In short, if we are to become the people we could be, then it is impossible in the UK. That doesnít mean itís a sure thing in Scotland, simply that Yes is a start in the right direction
    Maybe (shock horror) a raw calculation based on current attributed per capita spending under identical policy priorities is a tad simplistic. I agree with Policy Bloke that the SNP's policy needs work. For example, maintaining current level of defence spending (approx 5 times that of Ireland's) would be absolutely ludicrous for a small European country.

    If you don't want to be a 'subsidised backwater' I'm assuming that you will be voting to exit the EU in the referendum. We can't be subsidised can we? And if we're a backwater in UK terms, goodness knows what we are in European terms.

    If you are not in favour of an EU exit Under what circumstances are European subsidies and acceptance of being a European backwater acceptable when they are patently not acceptable in the UK context?
    I'm fairly ambivalent about EU exit as it happens and not sure to what extent you expect that Scotland is or would be subsidised? The UK is a net contributor after all. But top marks for deflection.

    At the moment, we don't even register in European terms, never mind being a backwater.

  30. #89
    Quote Originally Posted by judas View Post
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    The 'subsidy' is the provision of borrowed money that we have to pay back.

    The UK borrows to support its deficit - and that of Scotland, who like all union and most of Europe, runs at a loss.

    If I'm a hundred £ in debt and you are too, and you need £1 to pay for the annual interest. I could give it to you, but only by borrowing it from someone else. That doesn't mean I'm really any better of than you. I'm not sitting with a surplus in my bank account, I'm overdrawn like you.

    Interestingly though, this is all amidst an oil crisis. The picture will improve dramatically for Scotland when the op rises - and that seems likely (place your bets here).

    Is the economic benefit for Scotland big enough to warrant separation? Possibly.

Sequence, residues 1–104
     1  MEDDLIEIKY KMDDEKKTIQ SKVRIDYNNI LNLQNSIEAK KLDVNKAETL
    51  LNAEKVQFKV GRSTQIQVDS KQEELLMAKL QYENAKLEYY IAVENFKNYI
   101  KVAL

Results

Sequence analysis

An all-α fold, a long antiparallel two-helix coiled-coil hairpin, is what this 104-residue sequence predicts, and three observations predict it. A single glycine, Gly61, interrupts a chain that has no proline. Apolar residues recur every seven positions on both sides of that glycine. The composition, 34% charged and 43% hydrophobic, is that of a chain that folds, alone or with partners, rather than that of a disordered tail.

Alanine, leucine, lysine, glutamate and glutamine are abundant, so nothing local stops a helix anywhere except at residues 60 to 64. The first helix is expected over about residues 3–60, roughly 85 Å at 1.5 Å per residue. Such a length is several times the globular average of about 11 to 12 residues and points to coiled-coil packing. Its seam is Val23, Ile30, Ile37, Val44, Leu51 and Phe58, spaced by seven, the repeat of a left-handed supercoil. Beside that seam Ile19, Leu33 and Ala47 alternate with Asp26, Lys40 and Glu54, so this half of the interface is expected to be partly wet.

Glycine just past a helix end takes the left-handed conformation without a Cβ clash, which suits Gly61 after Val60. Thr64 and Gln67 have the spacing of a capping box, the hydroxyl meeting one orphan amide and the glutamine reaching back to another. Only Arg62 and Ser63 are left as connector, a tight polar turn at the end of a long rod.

A bigger draw for me is the practical and democratic benefit. A focused government tailoring policy specifically to suit Scotlands needs and mandated by its own population, seems sensible.
    Me too.

  31. #90
    Quote Originally Posted by johnbc70 View Post
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    I am afraid it is views like this that do the Yes campaign no good at all - you wrongly assume that anyone who does not think the same as you is somehow not wanting a prosperous Scotland, you think if you are not a Yes voter then you must be happy for Scotland to be a 'subsidised backwater' but have you ever considered that everyone that voted No wants Scotland to prosper and be a land of opportunity for everyone that lives here? I have not met one person who voted Yes or No that does not want a prosperous Scotland with opportunity.

    Interested on your view on the EU as posted by previous poster.
    on condescension.

    Some people that voted No would absolutely rather Scotland was a subsidised backwater as they view it as a safer option than independence. What if we **** it up altogether? LIkewise I can't be the only person who knows people who voted No as a safer option for their own personal situation (and btw, why shouldn't they, I've been through redundancies and job hunting, it's not pleasant). Risk versus reward at a national/regional* level and a personal level was a huge factor. Hardly groundbreaking news.


    * delete to personal taste.